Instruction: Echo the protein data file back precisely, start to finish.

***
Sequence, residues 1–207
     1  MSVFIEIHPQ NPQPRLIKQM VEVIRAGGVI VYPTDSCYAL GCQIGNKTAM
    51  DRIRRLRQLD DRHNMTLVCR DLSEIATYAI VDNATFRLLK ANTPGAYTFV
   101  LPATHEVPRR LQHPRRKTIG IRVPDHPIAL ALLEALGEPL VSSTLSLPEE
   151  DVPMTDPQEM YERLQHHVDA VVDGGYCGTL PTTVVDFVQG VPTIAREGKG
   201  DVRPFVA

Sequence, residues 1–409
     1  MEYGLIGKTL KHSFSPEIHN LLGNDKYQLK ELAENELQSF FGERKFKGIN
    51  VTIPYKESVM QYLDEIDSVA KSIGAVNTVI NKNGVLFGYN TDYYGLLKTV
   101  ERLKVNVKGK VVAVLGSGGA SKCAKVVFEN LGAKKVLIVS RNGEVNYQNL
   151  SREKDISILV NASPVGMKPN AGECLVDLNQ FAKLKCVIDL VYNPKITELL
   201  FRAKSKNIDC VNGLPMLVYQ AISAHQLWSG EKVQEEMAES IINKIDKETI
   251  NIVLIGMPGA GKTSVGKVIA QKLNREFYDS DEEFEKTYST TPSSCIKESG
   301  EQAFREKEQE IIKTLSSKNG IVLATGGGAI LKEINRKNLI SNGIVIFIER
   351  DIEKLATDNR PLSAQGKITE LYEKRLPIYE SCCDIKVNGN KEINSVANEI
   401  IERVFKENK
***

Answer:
Sequence, residues 1–207
     1  MSVFIEIHPQ NPQPRLIKQM VEVIRAGGVI VYPTDSCYAL GCQIGNKTAM
    51  DRIRRLRQLD DRHNMTLVCR DLSEIATYAI VDNATFRLLK ANTPGAYTFV
   101  LPATHEVPRR LQHPRRKTIG IRVPDHPIAL ALLEALGEPL VSSTLSLPEE
   151  DVPMTDPQEM YERLQHHVDA VVDGGYCGTL PTTVVDFVQG VPTIAREGKG
   201  DVRPFVA

Sequence, residues 1–409
     1  MEYGLIGKTL KHSFSPEIHN LLGNDKYQLK ELAENELQSF FGERKFKGIN
    51  VTIPYKESVM QYLDEIDSVA KSIGAVNTVI NKNGVLFGYN TDYYGLLKTV
   101  ERLKVNVKGK VVAVLGSGGA SKCAKVVFEN LGAKKVLIVS RNGEVNYQNL
   151  SREKDISILV NASPVGMKPN AGECLVDLNQ FAKLKCVIDL VYNPKITELL
   201  FRAKSKNIDC VNGLPMLVYQ AISAHQLWSG EKVQEEMAES IINKIDKETI
   251  NIVLIGMPGA GKTSVGKVIA QKLNREFYDS DEEFEKTYST TPSSCIKESG
   301  EQAFREKEQE IIKTLSSKNG IVLATGGGAI LKEINRKNLI SNGIVIFIER
   351  DIEKLATDNR PLSAQGKITE LYEKRLPIYE SCCDIKVNGN KEINSVANEI
   401  IERVFKENK